A gas can be too cold to absorb Balmer series lines. Is this also true for the Panchen series? (See Figure 7.5.) for the Lyman series? Explain.
It is true for Paschen series but not true for Lyman series.
Paschen series is a sequence of emission or absorption lines along the infrared part of hydrogen atom. It is caused by the movement of electron between 3rd energy level and the higher levels
The Lyman series is a series of ultraviolet spectrum lines of atomic hydrogen between 122 and 91 nanometres.
A gas can be too cold to absorb wavelengths of light belonging to the Balmer series because the transitions involve the electron being initially in the n = 2 excited state and absorbing a photon to change to a higher excited state, and the Balmer series transitions will not be observed.
The Paschen series results from transitions in which the atom is initially in its ground state. Because the ground state is populated no matter how cold the gas is, so it can always absorb wavelengths belonging to the Paschen series.
Absorption lines, in the Lyman series result from transitions in which the atom is initially in the n = 3 excited state and here too if the gas is too cold the n = 3 state is not populated and the absorption transition in the Lyman series cannot occur.
Thus, it is true for Paschen series but not true for Lyman series.
Exercise 81 obtained formulas for hydrogen like atoms in which the nucleus is not assumed infinite, as in the chapter, but is of mass , while is the mass of the orbiting negative charge. (a) What percentage error is introduced in the hydrogen ground-state energy by assuming that the proton is of infinite mass? (b) Deuterium is a form of hydrogen in which a neutron joins the proton in the nucleus, making the nucleus twice as massive. Taking nuclear mass into account, by what percent do the ground-state energies of hydrogen and deuterium differ?
Residents of flatworld-a two-dimensional world far, far away-have it easy. Although quantum mechanics of course applies in their world, the equations they must solve to understand atomic energy levels involve only two dimensions. In particular, the Schrodinger equation for the one-electron flatrogen atom is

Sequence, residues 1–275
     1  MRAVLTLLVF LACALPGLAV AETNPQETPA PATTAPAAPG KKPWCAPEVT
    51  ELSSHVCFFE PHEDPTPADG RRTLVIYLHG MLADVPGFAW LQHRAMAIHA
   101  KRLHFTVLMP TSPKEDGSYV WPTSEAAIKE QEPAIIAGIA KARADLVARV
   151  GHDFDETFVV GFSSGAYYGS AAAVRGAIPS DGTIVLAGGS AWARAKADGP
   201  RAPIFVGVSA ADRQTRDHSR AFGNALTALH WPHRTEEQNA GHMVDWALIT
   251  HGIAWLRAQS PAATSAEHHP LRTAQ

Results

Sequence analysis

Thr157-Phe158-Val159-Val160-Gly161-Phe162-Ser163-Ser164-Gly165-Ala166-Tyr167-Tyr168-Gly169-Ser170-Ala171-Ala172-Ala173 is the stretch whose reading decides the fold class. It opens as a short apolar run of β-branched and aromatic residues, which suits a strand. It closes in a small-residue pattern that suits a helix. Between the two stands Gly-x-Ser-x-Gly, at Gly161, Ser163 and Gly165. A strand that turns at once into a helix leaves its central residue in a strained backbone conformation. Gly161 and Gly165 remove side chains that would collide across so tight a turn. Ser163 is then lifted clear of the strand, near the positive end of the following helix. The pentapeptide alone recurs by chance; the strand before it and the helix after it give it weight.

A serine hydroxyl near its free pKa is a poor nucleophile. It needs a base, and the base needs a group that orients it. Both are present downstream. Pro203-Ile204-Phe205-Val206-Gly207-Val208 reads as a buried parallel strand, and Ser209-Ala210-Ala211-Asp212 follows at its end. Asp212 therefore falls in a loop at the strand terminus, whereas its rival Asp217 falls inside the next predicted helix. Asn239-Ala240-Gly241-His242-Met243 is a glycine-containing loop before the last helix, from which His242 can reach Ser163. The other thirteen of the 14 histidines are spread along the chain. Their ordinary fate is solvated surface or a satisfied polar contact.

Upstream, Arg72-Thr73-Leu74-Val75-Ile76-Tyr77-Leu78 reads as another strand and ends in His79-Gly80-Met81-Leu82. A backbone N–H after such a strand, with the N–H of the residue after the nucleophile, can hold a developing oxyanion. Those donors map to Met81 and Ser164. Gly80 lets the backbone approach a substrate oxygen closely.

(a) Separate variables by trying a solution of the form , then dividing by . Show that the equation can be written
Here, is the separation constant.
(b) To be physically acceptable, must be continuous, which, since it involves rotation about an axis, means that it must be periodic. What must be the sign of C ?
(c) Show that a complex exponential is an acceptable solution for .
(d) Imposing the periodicity condition find allowed values of .
(e) What property is quantized according of C .
(f) Obtain the radial equation.
(g) Given that , show that a function of the form is a solution but only if C certain one of it, allowed values.
(h) Determine the value of a , and thus find the ground-state energy and wave function of flatrogen atom.
A spherical infinite well has potential energy
Since this is a central force, we may use the Schrodinger equation in the form (7-30)-that is, just before the specific hydrogen atom potential energy is inserted. Show that the following is a solution
Now apply the appropriate boundary conditions. and in so doing, find the allowed angular momenta and energies for solutions of this form.
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